When tossing around the idea of selling a small business, there is a good chance you’ve gone back-and-forth on it.

Unless you’ve been 100 percent committed to selling and have not wavered, odds are you looked at the pros and cons of it.

That said you will never fully know the answer until you in fact sell.

But before you get to that point, it is wise to run scenarios through your head.

By giving this potential move a lot of thought, you should end up with the right decision at the end of the day.

Take the Time to Get it Right

There is no doubt selling a startup that you have grown and hopefully seen prosper is not something you do on a whim.

With that in mind, think through what it will be like trying to sell,. Try to sense what your financial situation will be afterwards, what your next business move is and so on.

Once you have reached the point in your mind where selling is the way to go, you want to be as prepared as possible.

In how to prepare your startup for acquisition, the first order of business is all papers are in order.

Yes, sloppy paperwork or paperwork that is missing to one degree or another can slow down a sell. It could even cancel out a sale if you are not careful.

Go through the papers with a fine tooth comb to make sure everything looks okay.

When it comes to company finances, you also want to be absolutely positive everything is good.

Make sure you are not dealing with any large outstanding debt, tax issues and more. One of the first things to kill a potential sale would be if you have money matters that scare a prospective buyer.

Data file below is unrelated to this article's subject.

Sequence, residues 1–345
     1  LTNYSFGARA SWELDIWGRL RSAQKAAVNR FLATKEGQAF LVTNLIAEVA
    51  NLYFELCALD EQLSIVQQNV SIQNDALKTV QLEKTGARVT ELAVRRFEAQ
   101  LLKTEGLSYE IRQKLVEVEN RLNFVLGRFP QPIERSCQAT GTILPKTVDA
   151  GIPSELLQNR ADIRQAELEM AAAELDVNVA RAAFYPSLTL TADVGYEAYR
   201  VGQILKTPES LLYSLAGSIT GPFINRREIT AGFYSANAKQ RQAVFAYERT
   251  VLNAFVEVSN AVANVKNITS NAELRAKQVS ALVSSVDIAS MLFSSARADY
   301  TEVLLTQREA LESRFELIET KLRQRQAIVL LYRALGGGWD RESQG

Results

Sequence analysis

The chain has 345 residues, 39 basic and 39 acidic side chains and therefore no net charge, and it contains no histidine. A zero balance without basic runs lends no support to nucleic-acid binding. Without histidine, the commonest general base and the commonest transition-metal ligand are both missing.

Next in the Cards for You

Even if the sale of your small business comes off without any major hitches, what is next in the cards for you?

One option may be to take on the responsibility of running and growing another business.

Another thought is the idea of going to work for someone else.

In the event you choose that option, would you be comfortable having someone else call the shots?

While you would not have the final say in things, working for someone else also means less pressure. That is when it comes to having to make the big decisions.

Still another thought would be that you’ve had enough of the business world after all these years. That is retirement is where your focus will turn to. Of course being able to do that will mean you are in a good spot with your finances.

No matter what decision you end up making, be sure you’ve had time to think things through.

The last thing you need or want is financial headaches, stress over what to do next and so on.

When moving on from your small business, the hope is you know you gave it your best shot in being an owner.

So, is it time for a change?